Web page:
Caracas has come under increasing international pressure as the United States, the European Union and Canada have sanctioned Venezuela for what they see as Maduro’s attempts to cement a dictatorship.
As Venezuela spends on oil imports, it has imported less of everything else its citizens desperately need. Venezuela’s spending on non-oil imports plunged from nearly $46 billion in 2011 to $6 billion in 2017, according Venezuela Central Bank data and Ecoanalitica, a Caracas-based economic research organization.
The oil PDVSA procured for Cuba was Russian Urals crude, the documents show, a variety well-suited for Cuban refineries constructed from Soviet-era equipment.
PDVSA bought the crude from Chinese, Russian and Swiss firms – not for cash, but a pledge that PDVSA would deliver other oil shipments later, the documents show.
That adds to Venezuela’s already towering debts of oil to state-owned firms in Russia and China, which together have extended Venezuela’s government more than $60 billion in oil-for-loan deals that have propped up its budget amid declining exports and lower oil prices.
“It’s nonsense to import oil to keep subsidized exports flowing,” said Ecoanalitica President Asdrubal Oliveros.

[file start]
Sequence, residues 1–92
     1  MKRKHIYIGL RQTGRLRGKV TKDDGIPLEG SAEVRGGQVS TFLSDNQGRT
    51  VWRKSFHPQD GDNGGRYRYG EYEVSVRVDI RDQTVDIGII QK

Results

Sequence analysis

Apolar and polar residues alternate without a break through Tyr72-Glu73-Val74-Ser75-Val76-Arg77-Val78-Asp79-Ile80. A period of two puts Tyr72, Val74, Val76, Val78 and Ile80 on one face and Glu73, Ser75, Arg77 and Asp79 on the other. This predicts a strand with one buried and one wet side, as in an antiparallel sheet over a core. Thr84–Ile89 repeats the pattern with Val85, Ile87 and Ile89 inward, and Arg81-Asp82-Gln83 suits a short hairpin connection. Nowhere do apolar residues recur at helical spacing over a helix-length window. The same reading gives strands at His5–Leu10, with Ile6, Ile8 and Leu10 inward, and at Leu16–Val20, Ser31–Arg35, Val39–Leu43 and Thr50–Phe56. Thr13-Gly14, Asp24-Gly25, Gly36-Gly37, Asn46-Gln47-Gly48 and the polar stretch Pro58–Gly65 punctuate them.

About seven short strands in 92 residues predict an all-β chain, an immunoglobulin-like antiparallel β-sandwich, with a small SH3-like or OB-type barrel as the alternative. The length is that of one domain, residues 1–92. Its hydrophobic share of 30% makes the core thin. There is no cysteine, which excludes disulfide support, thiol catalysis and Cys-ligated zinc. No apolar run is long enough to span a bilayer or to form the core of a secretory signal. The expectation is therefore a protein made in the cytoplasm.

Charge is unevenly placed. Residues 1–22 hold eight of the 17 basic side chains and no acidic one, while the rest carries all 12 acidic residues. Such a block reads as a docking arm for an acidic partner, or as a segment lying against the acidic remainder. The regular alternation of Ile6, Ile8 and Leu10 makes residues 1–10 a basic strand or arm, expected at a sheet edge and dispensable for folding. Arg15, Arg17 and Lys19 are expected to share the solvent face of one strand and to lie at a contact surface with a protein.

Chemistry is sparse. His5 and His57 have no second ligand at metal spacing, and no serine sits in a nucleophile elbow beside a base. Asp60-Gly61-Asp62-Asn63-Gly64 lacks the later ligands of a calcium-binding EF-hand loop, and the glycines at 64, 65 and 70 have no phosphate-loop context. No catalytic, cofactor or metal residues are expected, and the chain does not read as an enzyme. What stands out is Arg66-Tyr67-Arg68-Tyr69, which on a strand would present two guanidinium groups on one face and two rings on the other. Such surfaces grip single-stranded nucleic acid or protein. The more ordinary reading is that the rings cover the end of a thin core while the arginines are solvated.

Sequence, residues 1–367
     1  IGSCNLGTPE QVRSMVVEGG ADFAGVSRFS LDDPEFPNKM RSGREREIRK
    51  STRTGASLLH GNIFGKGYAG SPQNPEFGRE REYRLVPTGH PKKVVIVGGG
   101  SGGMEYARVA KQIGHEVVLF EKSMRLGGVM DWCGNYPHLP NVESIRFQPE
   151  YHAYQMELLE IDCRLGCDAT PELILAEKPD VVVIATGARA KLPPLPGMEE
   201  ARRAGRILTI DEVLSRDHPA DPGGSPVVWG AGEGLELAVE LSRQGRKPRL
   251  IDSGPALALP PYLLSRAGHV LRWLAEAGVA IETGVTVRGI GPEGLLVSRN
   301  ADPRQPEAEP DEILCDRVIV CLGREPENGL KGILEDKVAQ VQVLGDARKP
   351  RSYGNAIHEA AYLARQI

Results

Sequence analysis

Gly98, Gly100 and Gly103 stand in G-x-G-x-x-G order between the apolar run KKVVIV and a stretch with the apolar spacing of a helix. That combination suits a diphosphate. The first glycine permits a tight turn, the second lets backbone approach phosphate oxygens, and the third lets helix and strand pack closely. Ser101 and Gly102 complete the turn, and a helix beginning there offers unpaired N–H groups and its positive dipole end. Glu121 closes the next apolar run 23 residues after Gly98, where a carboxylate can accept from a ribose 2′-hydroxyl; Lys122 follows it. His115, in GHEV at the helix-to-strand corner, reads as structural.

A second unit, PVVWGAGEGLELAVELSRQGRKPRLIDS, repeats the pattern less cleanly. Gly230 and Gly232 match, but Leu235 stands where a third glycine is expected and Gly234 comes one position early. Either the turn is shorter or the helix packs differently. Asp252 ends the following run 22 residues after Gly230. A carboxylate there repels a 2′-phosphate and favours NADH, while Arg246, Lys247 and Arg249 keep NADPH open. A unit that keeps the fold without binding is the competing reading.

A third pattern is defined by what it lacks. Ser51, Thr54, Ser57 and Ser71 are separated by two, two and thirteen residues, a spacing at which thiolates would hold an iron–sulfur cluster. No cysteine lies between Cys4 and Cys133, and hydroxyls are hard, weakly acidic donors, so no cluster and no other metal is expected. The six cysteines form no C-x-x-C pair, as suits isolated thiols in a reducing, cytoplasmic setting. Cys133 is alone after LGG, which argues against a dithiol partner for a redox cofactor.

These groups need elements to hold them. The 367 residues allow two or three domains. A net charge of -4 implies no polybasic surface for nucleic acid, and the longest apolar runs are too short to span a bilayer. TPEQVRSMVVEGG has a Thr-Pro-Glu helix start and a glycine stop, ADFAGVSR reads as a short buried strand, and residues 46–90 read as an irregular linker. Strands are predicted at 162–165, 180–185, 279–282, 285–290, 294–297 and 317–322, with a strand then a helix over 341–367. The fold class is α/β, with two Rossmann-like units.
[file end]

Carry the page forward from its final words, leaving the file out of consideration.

Venezuela’s socialist government has long used oil for domestic and international political ends, subsidizing goods and services at home and currying favor across the region with oil deliveries on generous terms.
Venezuela’s oil supply arrangements have helped soften international political censure of Maduro’s government.
The Organization of American States (OAS), which includes most Western Hemisphere nations, last year took up a motion seeking to pressure Venezuela to hold free elections, liberate political prisoners and declare a humanitarian crisis.
The effort was defeated when 12 countries that have received regular oil shipments from Venezuela in recent years – about a third of the OAS membership – opposed it or refused to vote. Eventually, the OAS passed a watered-down motion urging free and fair elections.
Venezuela has avoided formal OAS condemnation “thanks to the support of the bloc of Caribbean nations that have benefited from its subsidized oil and development programs for years,” said Michael Fitzpatrick, deputy assistant secretary in the U.S. State Department’s Bureau of Western Hemisphere Affairs, said on April 30 during a talk at the Atlantic Council, a foreign policy think tank in Washington.